For those who remote work normally and those new to the game, these are challenging times. Thanks to social distancing and quarantine protocols put into place as a result of the COVD-19 pandemic, many workers now find themselves with the challenges of remote working with kids at home. It can be difficult to navigate remote work on its own, especially if it’s new to you. Add kids to the mix and productivity can feel nearly impossible.
Create and stick to designated office hours.
Though it can be difficult to make children understand, explain to them that your remote work is just as important as work done out of the home and in a traditional office. Just as you would be away from the house from 9 AM to 5 PM if you worked elsewhere, tell your kids that you will be unavailable between designated office hours while you are working from home. This, of course, works best if you have a second adult to supervise your kids while you work, or if your children are old enough to generally look after themselves.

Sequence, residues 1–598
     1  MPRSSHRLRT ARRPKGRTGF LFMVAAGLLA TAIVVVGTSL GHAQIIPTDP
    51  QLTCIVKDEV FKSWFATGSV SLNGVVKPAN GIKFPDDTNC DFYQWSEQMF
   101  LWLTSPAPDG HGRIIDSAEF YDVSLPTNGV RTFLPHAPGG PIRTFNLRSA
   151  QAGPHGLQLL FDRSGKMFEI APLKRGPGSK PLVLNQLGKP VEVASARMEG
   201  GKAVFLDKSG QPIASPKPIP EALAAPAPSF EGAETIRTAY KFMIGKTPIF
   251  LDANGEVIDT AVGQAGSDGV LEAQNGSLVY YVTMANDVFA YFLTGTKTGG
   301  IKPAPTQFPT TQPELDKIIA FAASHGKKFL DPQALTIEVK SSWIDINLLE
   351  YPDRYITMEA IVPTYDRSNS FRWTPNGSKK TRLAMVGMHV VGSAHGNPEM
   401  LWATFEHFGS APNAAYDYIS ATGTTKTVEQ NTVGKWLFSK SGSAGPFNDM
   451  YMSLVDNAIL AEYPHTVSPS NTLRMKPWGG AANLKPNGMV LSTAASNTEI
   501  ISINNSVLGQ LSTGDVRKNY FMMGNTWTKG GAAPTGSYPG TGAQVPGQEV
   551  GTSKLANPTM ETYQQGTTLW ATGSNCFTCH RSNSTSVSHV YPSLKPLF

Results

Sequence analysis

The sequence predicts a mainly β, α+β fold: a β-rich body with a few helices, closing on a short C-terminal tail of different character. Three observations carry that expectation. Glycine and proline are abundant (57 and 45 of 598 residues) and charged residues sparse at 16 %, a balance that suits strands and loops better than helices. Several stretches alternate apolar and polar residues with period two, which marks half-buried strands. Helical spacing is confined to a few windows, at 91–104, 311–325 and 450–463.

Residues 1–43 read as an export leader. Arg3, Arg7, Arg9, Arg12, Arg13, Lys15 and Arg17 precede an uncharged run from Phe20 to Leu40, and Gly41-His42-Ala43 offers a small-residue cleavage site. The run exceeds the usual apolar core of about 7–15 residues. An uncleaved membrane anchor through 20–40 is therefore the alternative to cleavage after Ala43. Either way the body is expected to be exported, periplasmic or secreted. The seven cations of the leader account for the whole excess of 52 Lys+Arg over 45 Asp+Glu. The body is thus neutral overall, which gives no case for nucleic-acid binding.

If you’ll be the only caregiver at home and your children require supervision, you can still create designated work times. Commit to working, say, from 9 AM to 11 AM. During that time, provide your kids with educational television shows, homework or other remotely assigned projects, games, and crafts. Be available in the event of an emergency, but make it clear that you will be working and should not be disturbed otherwise.
Work in one place.